Christian Living

Four Things I Learned from Dad

First appeared at SharperIron on July 24, 2009. Larry Blumer, the “Dad” in this essay, went to be the Lord August 17, 2011.

An old adage says that when you’re sixteen your dad doesn’t know anything, when you’re twenty-six he’s occasionally sensible and when you’re thirty-six he’s one of the wisest people you know. I can testify that there is some truth in that observation. Though I still rarely seek my dad’s advice, it’s because—at age forty-three—I have come to realize how much of his advice I’ve already absorbed from growing up around him.

Our Savior bought us with His own blood in order to redeem us and remake us His image. That transformation is central to His great gospel purpose. In my life, He used my dad to accomplish some important parts of that purpose.

Four values

I don’t think my dad sat down and planned “I need to teach these four values to my kids.” He did it mostly by just being there and speaking his mind (sometimes quite passionately!) in the context of a life that made what he meant unmistakably clear.

1. Dependability

Bob Jones Sr. was fond of saying “The greatest ability is dependability.” But that concept was familiar to me long before I read it in high school. I remember hearing as a kid, “If you say you’re going to do something, you do it. If you say you’re going to be somewhere, you be there,” and other variations on that theme (See Prov. 25:19). Dad wasn’t trying to preach, but his words drove a biblical principle deep into my young mind.

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Book Review - The Doctrine of the Christian Life

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For those who are familiar with and have enjoyed John Frame’s A Theology of Lordship series this third volume, The Doctrine of the Christian Life, will be a welcome addition. This book deals with the Ten Commandments and their relationship with ethics. While one might not naturally think that the doctrine of the Christian life is summed up or founded in the Ten Commandments, Frame connects the two when he describes the core of the Christian life “as living under God’s law, in God’s world, in the presence of God himself” (p. 3). Thus, if the Christian life is lived “under God’s law” and the Ten Commandments are God’s law, then the latter provides the foundation for the former. Therefore, this book provides the foundation of the Christian life as seen through ethics and should not be seen as an exhaustive treatment of the biblical doctrine of the Christian life.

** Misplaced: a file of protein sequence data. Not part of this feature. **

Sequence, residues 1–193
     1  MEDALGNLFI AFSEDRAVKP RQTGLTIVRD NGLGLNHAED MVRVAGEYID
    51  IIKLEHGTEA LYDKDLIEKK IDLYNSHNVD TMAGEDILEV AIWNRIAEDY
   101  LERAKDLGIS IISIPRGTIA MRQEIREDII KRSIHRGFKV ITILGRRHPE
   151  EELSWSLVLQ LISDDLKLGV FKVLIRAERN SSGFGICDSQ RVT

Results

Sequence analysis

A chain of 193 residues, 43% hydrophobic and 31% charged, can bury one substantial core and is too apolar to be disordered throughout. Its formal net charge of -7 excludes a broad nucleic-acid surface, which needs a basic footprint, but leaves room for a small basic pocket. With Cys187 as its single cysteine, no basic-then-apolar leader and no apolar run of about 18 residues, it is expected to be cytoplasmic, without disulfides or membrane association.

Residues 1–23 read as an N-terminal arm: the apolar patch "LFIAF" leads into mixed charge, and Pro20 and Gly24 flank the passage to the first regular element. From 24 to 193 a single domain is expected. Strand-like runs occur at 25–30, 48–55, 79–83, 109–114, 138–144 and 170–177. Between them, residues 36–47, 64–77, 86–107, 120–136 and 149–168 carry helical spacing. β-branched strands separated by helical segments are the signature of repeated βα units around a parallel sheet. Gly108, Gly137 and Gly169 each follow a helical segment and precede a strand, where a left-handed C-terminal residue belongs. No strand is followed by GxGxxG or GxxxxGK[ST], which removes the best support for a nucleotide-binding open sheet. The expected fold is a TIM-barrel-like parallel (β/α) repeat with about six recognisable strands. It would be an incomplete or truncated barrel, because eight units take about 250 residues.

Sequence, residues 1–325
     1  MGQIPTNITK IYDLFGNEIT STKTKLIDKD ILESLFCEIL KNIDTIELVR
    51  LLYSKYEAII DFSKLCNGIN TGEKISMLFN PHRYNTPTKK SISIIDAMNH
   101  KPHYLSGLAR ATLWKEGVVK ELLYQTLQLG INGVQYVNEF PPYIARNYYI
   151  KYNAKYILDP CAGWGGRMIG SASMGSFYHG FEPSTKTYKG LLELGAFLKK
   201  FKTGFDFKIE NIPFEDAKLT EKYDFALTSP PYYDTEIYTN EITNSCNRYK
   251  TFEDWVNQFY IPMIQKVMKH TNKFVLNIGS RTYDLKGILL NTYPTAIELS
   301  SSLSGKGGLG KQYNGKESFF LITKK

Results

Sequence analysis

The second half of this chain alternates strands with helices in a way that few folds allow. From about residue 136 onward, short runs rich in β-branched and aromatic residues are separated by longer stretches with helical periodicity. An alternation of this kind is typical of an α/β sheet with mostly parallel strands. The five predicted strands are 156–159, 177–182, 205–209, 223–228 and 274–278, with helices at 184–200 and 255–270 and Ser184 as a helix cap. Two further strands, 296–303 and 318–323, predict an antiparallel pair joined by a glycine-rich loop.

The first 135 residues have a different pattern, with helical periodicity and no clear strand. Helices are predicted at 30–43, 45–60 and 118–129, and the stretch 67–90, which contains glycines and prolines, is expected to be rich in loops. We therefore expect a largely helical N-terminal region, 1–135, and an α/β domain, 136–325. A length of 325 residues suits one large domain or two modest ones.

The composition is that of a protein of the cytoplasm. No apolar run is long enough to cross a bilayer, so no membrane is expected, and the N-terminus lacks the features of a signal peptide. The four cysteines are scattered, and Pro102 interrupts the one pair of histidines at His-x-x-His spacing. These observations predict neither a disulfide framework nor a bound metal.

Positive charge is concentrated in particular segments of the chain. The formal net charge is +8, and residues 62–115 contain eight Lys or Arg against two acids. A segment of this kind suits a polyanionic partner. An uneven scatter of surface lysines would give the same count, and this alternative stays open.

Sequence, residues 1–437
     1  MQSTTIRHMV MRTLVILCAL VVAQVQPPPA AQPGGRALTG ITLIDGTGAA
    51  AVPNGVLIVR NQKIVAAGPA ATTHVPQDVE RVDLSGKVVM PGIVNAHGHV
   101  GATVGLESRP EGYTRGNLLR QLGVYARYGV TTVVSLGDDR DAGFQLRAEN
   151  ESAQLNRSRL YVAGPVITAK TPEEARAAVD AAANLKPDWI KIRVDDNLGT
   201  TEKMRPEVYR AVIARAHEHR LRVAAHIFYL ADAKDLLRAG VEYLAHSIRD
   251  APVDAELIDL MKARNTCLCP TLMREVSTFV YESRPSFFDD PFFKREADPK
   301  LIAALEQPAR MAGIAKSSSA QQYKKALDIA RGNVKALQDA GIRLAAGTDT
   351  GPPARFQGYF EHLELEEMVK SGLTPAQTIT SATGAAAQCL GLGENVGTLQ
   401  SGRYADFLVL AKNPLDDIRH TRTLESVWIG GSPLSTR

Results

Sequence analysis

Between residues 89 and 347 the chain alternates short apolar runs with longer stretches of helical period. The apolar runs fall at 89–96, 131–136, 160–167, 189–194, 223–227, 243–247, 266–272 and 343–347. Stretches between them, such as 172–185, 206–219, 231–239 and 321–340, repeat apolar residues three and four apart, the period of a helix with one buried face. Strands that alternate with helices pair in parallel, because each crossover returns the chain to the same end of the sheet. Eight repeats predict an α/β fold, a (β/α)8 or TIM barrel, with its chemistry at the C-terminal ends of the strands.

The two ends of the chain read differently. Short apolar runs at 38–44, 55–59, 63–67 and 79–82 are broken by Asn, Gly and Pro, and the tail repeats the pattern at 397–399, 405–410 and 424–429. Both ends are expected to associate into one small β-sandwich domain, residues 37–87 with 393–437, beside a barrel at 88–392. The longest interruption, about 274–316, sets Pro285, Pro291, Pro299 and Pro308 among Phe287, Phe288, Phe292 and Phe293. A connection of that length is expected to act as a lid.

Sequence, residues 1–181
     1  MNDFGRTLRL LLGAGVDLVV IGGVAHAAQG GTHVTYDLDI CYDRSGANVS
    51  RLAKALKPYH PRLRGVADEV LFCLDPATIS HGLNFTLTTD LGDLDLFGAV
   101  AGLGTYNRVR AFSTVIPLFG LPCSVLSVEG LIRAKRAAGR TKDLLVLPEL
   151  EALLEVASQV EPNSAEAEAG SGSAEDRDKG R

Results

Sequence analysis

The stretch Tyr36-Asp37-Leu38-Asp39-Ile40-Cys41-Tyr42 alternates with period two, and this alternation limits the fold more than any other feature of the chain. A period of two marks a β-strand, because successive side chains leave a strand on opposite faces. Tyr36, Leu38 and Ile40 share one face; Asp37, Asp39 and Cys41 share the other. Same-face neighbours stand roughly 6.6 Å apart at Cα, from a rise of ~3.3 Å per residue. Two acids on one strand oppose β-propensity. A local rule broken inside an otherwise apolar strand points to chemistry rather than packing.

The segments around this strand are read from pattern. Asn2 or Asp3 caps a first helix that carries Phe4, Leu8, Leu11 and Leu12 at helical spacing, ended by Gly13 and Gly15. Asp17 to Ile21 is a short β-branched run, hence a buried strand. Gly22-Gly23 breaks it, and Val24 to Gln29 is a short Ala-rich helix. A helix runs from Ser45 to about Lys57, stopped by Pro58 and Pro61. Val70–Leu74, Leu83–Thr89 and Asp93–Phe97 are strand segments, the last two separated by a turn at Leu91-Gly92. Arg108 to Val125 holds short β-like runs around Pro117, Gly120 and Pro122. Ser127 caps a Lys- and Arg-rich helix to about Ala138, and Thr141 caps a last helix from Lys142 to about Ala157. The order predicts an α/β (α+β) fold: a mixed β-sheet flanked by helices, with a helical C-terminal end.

Part One: Introductory Considerations

At the outset Frame seeks to define ethics and explain what he sees as its interchangeable relationship to doctrine and theology. Avoiding, though not dismissing, theoretical or propositional definitions, Frame defines these terms in relation to their practical nature. In this light both doctrine and theology are defined as “the application of the Word of God to all areas of life” (p. 9). For Frame “ethics is theology as a means of determining which persons, acts, and attitudes receive God’s blessing and which do not” (p. 10). In the second chapter Frame turns to defining and briefly discussing numerous related terms such as immoral, value, norm, virtue and duty, just to name a few.

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All the Way Home

January, 1945. U.S. troops battle for the liberation of the Philippines. As they make their labored advance, the occupying Japanese army burns alive 150 American prisoners of war at a camp on the island of Palawan. Fearing a similar atrocity, Lieutenant General Walter Krueger assigns Lieutenant Colonel Henry Mucci and his Sixth Ranger Battalion the mission of rescuing the allied prisoners held at Cabanatuan.

On January 30, Mucci moved. 127 Army Rangers under the direct command of Captain Robert Prince, supported by 200 Filipino guerrillas, led a daring raid upon the compound at Cabanatuan. In a stunning tactical victory, Prince’s unit killed 523 Japanese troops—losing only four men in the process—and freed 511 frail, starving and disease-ridden prisoners of war. At 8:15 pm, Captain Prince shot a flare into the night sky signaling that the improbable mission of liberation was complete.

Yet as that victorious flare lit up the night sky, the task was long from finished. You do not free 511 infirm prisoners behind enemy lines and say, “Gentlemen, it’s been a pleasure; good luck to you all,” and walk away. Through the remainder of that night, the soldiers who liberated their comrades escorted them to safety through many dangers, toils and snares. The mission was not complete the moment the prisoners were freed. It was complete when they were delivered safely home.